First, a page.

Despite the easing of Covid-19 restrictions making it easier for people to interact with each other, our new report finds that people are less likely to make and build new relationships now than they were during the first lockdown.

The research, using a nationally representative poll of 1,000 UK adults, found that a third (32%) of people feel there are fewer opportunities to make new relationships with others now than there were during the first lockdown, while only a quarter (23%) said there were more opportunities. This suggests that as we come out of the crisis mode of the pandemic, the British public could be finding it harder to make new connections and not easier.

The report, sponsored by Capita, also found that Brits want to hold relationships with the providers of public services and other service users. An overwhelming majority wants to be able to get to know the people who provide their local services (71%) and other services users (64%).

The Social State is calling for a system of relational public services that can bring together local communities and make it easier for people to build relationships with other users, the community at large and people who provide the services. Relational public services can improve outcomes by giving citizens more control and confidence to resolve their problems.

This report is the first as part of a major new research programme at Demos reimagining public services. The project will build a credible policy agenda for 21st century public services with citizen experiences at the centre. Demos will be exploring in more depth three areas of public service: employment and back to work services, local government, and policing.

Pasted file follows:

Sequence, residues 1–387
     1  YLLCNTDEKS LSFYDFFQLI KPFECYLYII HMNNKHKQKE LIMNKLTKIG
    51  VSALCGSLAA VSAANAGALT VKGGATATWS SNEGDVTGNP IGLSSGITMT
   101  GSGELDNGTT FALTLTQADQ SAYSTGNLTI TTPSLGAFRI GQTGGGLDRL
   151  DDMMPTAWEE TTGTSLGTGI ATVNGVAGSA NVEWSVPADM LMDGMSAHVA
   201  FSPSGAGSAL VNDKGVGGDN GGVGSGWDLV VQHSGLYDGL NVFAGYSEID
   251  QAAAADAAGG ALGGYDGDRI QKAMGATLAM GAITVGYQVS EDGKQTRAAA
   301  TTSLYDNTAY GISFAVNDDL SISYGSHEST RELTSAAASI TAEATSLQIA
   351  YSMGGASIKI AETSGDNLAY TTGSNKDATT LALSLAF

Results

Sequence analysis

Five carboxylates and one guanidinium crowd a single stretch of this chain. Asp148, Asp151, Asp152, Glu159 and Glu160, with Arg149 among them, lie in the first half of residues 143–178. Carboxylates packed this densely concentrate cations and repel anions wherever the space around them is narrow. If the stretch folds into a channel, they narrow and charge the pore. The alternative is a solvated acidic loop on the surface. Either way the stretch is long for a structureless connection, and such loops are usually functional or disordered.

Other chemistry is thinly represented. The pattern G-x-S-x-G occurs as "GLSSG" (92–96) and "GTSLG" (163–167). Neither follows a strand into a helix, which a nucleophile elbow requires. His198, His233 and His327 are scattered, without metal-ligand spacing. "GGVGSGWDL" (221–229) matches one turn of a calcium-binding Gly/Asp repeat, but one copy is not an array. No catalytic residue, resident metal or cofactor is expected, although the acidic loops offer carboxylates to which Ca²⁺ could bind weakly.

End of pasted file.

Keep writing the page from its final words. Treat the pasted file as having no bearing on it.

Polly Mackenzie, Chief Executive at Demos and author of The Social State, said:

“We have seen many challenges emerge from the Covid-19 pandemic, with the challenge of running our public services one of the most difficult and recognisable. Yet throughout the pandemic, particularly during the first lockdown, we saw communities come together and relationships strengthened at a time of crisis, on a scale we haven’t seen in generations – from providing food for those isolating to the new volunteers making a huge difference in the NHS.

“They proved that strong relationships and community ties are not only hugely valuable for our wellbeing, but that they’re vital to our resilience and strength as a society. Our new research out today worryingly shows that these gains we’ve made in community relationships earlier in the pandemic are in danger of being lost. If we’re to build back stronger from the pandemic, we need to reimagine our public services for the 21st century as a way of strengthening our communities, relationships and social capital.”

Read the full report here.